23 Jan Vegetarian Chili
Last week, Michelle Rafter asked what she could feed her family of non-adventurous eaters while providing her vegetarian daughter a dairy-free meal. I was impressed with the links, book titles and suggestions you provided. One reader even pointed out being lactose intolerant isn’t the same as having a milk allergy. Since I didn’t want to pry, I’m erring on the side of caution and providing recipes with no milk products.
Since dinner is an on-going challenge, I’ve co-ordinated three recipes. All vegetarian. All dairy-free. All delicious.
Elizabeth, of what-will-I-do-with-all-this-cranberry-sauce fame is blogging on her site, Embrace Adventure, about El Paso Pilaf. A recent convert to the vegetarian diet, she also discusses some of the ups and downs of going meatless.
Me? I’m claiming victory with a vegetarian chili that even my “meatarian” husband enjoyed. I topped it with Balkan yogurt and fresh cilantro, but if you omit the dab of dairy, it’s a vegan dish that anyone will like.
When I was vegetarian I never did the fake-meat route. Having been subjected to well-intended but inedible meatless meatloaves and tofu turkey that tasted more like chicken feed, I simply relied on legumes and ridiculous amounts of dairy for my protein. Ironically, now that I’ve returned to my omnivore ways, I’m finally trying “simulated meat”. To be honest, I was shocked that it tasted good and had a convincing texture. See, it even looks like real chili.
I attempted this faux-meat version only because it comes from Ultimate Foods for Ultimate Heath: and don’t forget the chocolate! by Liz Pearson and Mairlyn Smith. The book won gold in the special interest category at the 2008 Canadian Culinary Book Awards for its easy-to-understand nutritional information and rock-solid recipes. I know “delicious and nutritious” is a bit cliche, but I’ve tested a few of the recipes and they results are good. Smith, the book’s recipe developer, credits her mother for teaching her how to cook. No, her mother wasn’t a stellar chef. Her mother’s cooking was simply awful and Smith developed culinary skills as self-defense. The inedible childhood meals didn’t hurt her funny bone either. The book’s also a fun read.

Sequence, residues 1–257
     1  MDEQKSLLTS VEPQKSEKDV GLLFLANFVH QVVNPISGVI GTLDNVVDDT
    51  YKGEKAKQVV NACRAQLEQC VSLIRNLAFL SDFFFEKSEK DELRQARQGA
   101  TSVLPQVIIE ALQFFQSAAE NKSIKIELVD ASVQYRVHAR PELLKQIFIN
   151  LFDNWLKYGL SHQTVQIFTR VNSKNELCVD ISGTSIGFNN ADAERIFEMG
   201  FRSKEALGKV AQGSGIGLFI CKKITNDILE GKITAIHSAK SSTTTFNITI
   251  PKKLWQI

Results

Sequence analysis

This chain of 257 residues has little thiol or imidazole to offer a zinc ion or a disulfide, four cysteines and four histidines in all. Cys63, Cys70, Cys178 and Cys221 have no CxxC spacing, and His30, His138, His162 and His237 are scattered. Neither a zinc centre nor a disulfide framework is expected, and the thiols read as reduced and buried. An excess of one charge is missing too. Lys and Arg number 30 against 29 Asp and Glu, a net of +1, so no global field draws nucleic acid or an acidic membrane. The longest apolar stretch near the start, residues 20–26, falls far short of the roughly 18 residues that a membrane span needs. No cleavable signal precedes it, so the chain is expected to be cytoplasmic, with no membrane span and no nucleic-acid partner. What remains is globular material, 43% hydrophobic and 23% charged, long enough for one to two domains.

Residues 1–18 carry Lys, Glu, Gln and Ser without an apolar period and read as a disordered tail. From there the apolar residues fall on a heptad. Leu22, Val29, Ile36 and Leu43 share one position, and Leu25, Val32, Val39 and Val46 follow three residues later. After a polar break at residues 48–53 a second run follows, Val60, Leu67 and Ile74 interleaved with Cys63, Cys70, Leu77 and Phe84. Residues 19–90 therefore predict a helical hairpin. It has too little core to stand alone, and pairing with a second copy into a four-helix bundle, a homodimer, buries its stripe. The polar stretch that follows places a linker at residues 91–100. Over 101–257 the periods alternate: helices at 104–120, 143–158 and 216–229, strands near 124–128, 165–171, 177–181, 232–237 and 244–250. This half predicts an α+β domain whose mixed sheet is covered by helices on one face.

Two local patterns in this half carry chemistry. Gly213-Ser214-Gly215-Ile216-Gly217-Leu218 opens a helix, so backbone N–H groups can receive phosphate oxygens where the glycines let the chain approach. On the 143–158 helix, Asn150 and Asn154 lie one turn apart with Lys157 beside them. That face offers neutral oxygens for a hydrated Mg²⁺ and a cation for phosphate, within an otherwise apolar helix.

So, without further ado, here’s a savory but mild family-oriented recipe the adults can spice up as they like.
Serves 8 (or 6 people with hearty appetites)
Excerpt from Ultimate Foods for Ultimate Health, published by Whitecap Books, 2008
- 2 Tbsp + 2 tsp (40 mL) extra virgin olive oil
- 1 onion, diced
- 1 carrot, diced
- 3 cloves garlic, minced
- 1 red pepper, diced
- one 19-oz (540 mL) can black beans, drained and rinsed
- one 19-oz (540 mL) can kidney beans, drained and rinsed
- one 28-oz (794 mL) can diced tomatoes
- 2 Tbsp (30 mL) tomato paste
- 1/4 cup salsa, mild, medium or hot
- 2 Tbsp + 1 tsp chili powder
- 1 tsp (5 mL) cumin
- 1 tsp (5 mL) dried oregano
- 1 tsp (5 mL) dried basil
- one 12-ox (340-g) package Yves Veggie Ground Round
- Heat a large pot over medium heat. Add the oil and onion. Saute for 3 minutes or until the onion is translucent.
- Add the carrots, red pepper and garlic. Saute for 2 minutes.
- Add the black beans, kidney beans, tomatoes, tomato pasta, salsa, chili powder, cumin, oregano and basil. Bring to a boil. Reduce heat and cover. Simmer for 20 minutes or until the carrots are cooked.
- Add the package of Yves Veggie Ground Round and heat through. Serve.
ADULT VERSION: Want more spice? I add 1/4 tsp (1 mL) red pepper flakes to the pot after I’ve dished out my son’s portion. (Note: Andrew used Louisianna Hot Sauce to kick his up a notch. Next time I make this — and I will make it again — I’m adding chipotle chilies because I like a smokey flavour.)